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    I had a beautiful Ruger V in .22-250. Bull barrel and a Leupold scope. Hardly shot it. Sat in my safe for years. Hated to sell it, but I did. Did I mention that I hated to sell it?
    You should not over look a nice used .222 or even a sweet old Winchester in .225. There are some nice bolt guns chambered for .223 also. Any of them would do what you want, especially with hand loading.
    Hunt Ethically. Respect the Environment.

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    Quote Originally Posted by SmokeRoss View Post
    I had a beautiful Ruger V in .22-250. Bull barrel and a Leupold scope. Hardly shot it. Sat in my safe for years. Hated to sell it, but I did. Did I mention that I hated to sell it?
    You should not over look a nice used .222 or even a sweet old Winchester in .225. There are some nice bolt guns chambered for .223 also. Any of them would do what you want, especially with hand loading.
    We have a young 35 year old that has joined our coyote gang. He has made some amazing shots with his tang safety bull barrel 22-250. He bought it about 4 years ago off gunbroker from somebody in Alaska. Clean as a pin and a true half inch gun with handloads. I am sure that it has killed 100 coyotes in it's short time in Iowa.

  8. #8

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    I am a devoted fan of the 22-250.

    My first foray back in the 70s was a Ruger#1. Problems with the ring /integral bases meant shimming extraorinare to achieve a POI impact.

    In the 90s. I bought a 40X KX that was an amazing rifle. Amazing in how heavy it was...over 13 lbs field ready with a 6.5X20 Leuy up top....and amazing it would break 4300 FPS with 40 grain BTs. Let's just say it shot VERY small groups with those bullets. Rem's Custom Shop does produce some high quality products.

    My current 22-250 is a Sako 85 varmint. It is perhaps the best overall compromise of extreme accuracy...reasonable weight (about 9 lbs scoped)...and with the single set trigger a joy to shoot.

    If you can't get it done with Varget or R15 and a 50 gr BT, something is wrong. Even with the 24" barrel on the Sako, we're doing over 3700. This will cream any varmint anywhere.

    If you want a true hunting rifle for deer and up, look elsewhere.

    7STW

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    Member 4merguide's Avatar
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    Quote Originally Posted by BrownBear View Post

    As for twist rate, put a piece of masking tape on your cleaning rod a foot or so up from the tip. Make a mark on it. Now put a jag and patch on the rod and seat it into the barrel till the rod tip is flush with the muzzle. Now push the rod slowly into the barrel until that mark on the tape makes one full revolution around the rod. Mark the rod again right at the muzzle, then pull the rod out and measure the distance between the tip and that second mark. Done.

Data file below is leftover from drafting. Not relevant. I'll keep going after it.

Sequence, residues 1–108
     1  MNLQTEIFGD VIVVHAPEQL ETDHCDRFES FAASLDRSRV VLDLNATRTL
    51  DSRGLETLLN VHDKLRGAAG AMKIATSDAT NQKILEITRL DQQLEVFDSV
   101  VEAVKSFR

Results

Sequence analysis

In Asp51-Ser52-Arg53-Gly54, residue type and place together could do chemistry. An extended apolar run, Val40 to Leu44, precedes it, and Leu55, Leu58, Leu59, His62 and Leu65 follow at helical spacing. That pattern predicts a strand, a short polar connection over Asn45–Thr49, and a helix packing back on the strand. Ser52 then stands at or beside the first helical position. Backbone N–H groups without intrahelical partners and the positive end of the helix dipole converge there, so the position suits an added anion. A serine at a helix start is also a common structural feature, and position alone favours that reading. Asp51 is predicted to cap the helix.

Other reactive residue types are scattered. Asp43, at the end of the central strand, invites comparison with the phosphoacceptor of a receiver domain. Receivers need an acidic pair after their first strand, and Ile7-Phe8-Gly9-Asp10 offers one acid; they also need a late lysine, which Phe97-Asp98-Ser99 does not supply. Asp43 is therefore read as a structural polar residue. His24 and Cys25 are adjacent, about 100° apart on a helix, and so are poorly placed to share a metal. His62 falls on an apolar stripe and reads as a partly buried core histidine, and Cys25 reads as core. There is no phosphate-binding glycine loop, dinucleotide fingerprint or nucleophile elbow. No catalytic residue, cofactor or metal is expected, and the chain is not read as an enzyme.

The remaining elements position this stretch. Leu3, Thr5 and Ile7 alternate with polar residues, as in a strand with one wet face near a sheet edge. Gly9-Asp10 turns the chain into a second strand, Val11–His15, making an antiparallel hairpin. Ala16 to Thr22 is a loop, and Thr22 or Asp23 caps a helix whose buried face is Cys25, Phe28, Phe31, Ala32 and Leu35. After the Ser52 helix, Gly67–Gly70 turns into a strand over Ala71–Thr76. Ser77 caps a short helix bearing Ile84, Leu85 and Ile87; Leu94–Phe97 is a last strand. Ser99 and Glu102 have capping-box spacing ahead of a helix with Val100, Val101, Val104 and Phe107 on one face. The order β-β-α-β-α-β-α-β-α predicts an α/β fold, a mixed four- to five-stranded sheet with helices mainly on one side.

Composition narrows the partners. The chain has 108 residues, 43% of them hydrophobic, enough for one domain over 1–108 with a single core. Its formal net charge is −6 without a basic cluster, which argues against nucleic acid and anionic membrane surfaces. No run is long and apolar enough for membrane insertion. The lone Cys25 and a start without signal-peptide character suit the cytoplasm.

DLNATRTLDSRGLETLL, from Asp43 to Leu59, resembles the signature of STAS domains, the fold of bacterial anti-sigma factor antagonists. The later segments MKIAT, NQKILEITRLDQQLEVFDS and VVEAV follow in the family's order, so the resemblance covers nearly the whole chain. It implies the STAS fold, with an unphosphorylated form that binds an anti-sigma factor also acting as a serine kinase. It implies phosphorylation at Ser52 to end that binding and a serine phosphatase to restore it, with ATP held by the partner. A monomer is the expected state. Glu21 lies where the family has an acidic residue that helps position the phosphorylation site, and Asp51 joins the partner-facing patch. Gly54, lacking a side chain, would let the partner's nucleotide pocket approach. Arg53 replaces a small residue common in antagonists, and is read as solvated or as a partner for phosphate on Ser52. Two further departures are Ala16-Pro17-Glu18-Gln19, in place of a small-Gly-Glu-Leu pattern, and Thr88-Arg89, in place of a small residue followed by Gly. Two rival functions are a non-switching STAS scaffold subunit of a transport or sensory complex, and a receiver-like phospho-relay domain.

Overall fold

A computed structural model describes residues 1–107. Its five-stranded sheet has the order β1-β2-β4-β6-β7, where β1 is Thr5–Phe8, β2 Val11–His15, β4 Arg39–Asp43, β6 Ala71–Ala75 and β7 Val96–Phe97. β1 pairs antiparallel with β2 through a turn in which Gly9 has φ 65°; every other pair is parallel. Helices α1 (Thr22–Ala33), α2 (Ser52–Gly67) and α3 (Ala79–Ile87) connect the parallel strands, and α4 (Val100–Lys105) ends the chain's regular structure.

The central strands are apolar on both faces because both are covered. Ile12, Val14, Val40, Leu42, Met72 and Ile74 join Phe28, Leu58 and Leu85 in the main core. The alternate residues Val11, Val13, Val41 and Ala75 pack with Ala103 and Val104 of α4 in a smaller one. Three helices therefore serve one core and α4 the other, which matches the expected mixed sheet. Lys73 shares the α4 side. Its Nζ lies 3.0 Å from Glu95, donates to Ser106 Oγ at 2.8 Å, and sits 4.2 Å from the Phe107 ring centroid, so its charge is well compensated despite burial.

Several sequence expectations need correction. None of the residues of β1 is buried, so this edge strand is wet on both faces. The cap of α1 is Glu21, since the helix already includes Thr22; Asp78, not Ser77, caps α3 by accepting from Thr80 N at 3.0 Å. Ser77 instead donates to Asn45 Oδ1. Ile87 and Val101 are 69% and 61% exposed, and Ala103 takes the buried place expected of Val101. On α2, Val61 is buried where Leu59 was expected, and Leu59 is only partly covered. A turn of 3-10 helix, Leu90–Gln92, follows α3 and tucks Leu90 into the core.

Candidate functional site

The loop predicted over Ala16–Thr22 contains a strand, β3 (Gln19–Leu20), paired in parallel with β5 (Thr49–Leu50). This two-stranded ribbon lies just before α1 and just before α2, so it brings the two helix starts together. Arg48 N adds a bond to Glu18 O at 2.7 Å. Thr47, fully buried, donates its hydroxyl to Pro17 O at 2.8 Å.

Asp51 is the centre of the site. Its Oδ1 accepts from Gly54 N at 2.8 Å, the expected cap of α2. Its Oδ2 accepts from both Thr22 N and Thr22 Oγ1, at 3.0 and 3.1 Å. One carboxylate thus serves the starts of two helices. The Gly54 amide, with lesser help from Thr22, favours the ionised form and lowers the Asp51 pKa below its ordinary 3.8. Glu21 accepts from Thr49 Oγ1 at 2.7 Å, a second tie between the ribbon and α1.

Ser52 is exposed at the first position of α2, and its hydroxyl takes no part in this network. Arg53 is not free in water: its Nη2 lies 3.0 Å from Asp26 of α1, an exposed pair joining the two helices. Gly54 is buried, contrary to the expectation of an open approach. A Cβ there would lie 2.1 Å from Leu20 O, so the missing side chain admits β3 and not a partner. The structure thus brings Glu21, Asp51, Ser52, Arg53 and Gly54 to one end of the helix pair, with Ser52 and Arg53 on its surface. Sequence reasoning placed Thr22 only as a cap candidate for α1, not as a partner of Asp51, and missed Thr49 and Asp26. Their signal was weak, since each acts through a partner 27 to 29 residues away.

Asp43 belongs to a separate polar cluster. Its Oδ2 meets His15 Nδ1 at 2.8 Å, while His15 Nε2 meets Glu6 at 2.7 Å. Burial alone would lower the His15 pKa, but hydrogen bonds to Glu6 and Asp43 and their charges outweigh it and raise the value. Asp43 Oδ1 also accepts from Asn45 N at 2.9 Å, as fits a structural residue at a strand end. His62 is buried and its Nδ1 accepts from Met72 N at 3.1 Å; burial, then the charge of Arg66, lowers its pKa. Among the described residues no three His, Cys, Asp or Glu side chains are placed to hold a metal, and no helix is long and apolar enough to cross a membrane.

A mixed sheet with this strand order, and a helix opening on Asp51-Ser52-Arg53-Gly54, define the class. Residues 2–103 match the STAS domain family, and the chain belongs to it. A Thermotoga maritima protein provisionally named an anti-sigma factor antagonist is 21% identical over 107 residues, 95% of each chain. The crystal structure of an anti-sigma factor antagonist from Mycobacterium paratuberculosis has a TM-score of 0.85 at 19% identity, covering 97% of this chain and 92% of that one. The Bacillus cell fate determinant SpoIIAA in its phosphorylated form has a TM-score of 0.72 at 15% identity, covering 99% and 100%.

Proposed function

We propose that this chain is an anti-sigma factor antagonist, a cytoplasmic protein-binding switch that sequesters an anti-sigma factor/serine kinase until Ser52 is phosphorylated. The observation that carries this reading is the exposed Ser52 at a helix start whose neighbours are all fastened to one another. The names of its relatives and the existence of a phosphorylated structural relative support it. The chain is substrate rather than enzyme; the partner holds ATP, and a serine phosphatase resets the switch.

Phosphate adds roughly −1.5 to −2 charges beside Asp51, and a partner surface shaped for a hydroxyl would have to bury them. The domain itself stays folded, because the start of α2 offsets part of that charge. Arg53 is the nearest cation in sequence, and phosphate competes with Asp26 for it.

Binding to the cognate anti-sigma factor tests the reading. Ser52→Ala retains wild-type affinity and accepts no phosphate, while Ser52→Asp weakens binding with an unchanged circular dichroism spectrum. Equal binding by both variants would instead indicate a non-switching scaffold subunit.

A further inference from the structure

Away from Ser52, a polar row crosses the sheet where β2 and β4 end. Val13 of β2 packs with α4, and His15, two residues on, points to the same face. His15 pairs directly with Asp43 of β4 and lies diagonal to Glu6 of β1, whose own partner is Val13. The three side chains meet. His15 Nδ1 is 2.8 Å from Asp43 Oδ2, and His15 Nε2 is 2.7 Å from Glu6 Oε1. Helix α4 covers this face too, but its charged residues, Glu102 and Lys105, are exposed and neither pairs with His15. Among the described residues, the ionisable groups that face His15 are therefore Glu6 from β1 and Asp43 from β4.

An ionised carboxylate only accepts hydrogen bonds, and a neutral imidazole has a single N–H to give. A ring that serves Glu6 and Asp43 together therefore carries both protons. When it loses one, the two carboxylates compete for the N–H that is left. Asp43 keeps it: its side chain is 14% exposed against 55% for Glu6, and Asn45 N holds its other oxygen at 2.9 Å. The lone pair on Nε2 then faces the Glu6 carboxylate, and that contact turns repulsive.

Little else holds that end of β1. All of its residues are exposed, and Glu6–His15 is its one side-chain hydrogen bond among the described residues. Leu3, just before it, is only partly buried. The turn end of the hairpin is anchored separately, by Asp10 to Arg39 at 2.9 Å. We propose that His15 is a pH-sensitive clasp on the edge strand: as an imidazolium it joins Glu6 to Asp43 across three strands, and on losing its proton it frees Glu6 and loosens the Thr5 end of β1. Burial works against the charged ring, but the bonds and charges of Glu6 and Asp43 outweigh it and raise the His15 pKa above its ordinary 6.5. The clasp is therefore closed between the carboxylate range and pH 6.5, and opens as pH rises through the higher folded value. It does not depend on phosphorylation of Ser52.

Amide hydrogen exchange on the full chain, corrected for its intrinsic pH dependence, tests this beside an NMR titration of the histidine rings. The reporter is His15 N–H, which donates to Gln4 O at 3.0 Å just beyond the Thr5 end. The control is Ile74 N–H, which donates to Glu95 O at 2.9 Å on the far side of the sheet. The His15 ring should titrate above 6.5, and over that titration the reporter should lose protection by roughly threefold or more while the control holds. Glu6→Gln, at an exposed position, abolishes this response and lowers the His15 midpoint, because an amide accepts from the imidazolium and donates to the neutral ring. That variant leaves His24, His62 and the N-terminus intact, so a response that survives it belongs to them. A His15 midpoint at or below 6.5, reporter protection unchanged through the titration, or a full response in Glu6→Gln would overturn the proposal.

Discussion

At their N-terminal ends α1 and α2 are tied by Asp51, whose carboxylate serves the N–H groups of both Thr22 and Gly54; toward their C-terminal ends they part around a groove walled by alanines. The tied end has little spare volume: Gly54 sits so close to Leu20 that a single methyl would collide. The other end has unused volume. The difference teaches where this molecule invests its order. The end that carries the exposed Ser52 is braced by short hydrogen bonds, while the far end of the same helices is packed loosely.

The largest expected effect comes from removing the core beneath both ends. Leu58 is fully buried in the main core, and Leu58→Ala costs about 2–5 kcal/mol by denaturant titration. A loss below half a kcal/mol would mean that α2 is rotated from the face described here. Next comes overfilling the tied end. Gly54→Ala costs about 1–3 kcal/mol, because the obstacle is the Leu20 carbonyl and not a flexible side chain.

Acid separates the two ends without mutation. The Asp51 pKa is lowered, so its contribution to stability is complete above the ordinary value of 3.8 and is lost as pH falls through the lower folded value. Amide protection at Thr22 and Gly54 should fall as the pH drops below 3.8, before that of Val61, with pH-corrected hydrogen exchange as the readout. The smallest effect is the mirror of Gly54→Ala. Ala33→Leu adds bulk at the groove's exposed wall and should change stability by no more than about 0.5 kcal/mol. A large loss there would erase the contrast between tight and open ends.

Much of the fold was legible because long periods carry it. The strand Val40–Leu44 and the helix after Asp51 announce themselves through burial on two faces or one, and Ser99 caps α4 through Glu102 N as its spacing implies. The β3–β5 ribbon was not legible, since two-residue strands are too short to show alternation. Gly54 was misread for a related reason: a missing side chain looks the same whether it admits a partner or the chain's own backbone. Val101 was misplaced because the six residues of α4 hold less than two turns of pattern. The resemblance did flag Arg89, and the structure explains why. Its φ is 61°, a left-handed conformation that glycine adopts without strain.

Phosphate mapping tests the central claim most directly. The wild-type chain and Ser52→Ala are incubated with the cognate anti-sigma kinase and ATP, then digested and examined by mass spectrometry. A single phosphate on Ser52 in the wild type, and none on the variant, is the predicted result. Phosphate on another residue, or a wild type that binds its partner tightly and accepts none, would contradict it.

Thank you for that interesting piece of info Bbear.....

    Quote Originally Posted by elmerkeithclone View Post
    4merguide, I didn't get out last weekend to take advantage our first snowfall and kill some coyotes. However the gang went with out me and killed 4 coyotes. Two of them were killed at at over 200 yards with a Savage B-mag in 17 WSM. We don't have any wolves here- bouts and coyotes die easy. I am really thinking about getting a Ruger 77 in the new 17 offering. A 17 caliber 20 grain bullet running 3,000 FPS should handle a big portion of my vermin killing. I watched a 500 round box of 17WSMs sell for $85 on an auction sight today. That's a big plus. My only drawback is something that I learned when I built a 17 mk4 for prairie dog snuffing a couple decades ago. That is that you have to clean a 17 caliber bore more often if you don't want those itty bitty boolets going of in mid air from the friction applied to the ultra thin jacket.
    Originally I had been thinking about the new Savage A17....even held one in my hot little hands the other day! But, with my number one reasoning for buying a new predator rifle being that I really want a wolf hide, I decided it was too light and not a long (enough) range shooter. No doubt it will kill one, but I'm thinking that if I ever should get so lucky as to even see another wolf, it might be waaaaaaay out there. I realize that even the 22-50 may be a bit light for a big wolf as well, but being as accurate as they say it is, and with the right slug, I feel that it's definitely doable.....unless, of course somebody wants to talk me out of it with a better option. But with that option not being a round for deer as well, as I already have a 270.
    Sheep hunting...... the pain goes away, but the stupidity remains...!!!

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    I bought a Remington 700 bull barrel in 22-250 for predator hunting,, after I cut a couple critters in half, it went back in the safe and has been there over 8 years. I would sell it cheap, but I could not do so without saying that I found it not very good for fur, too fast IMHO. In my very limited wolf hunting experience, I find they don't like to stay put. In other words most shots I have had a chance at have been running. I bought an AR and have it set up if I get a chance to try for them again, and I have a 22 bolt for it to take lesser predators given a chance.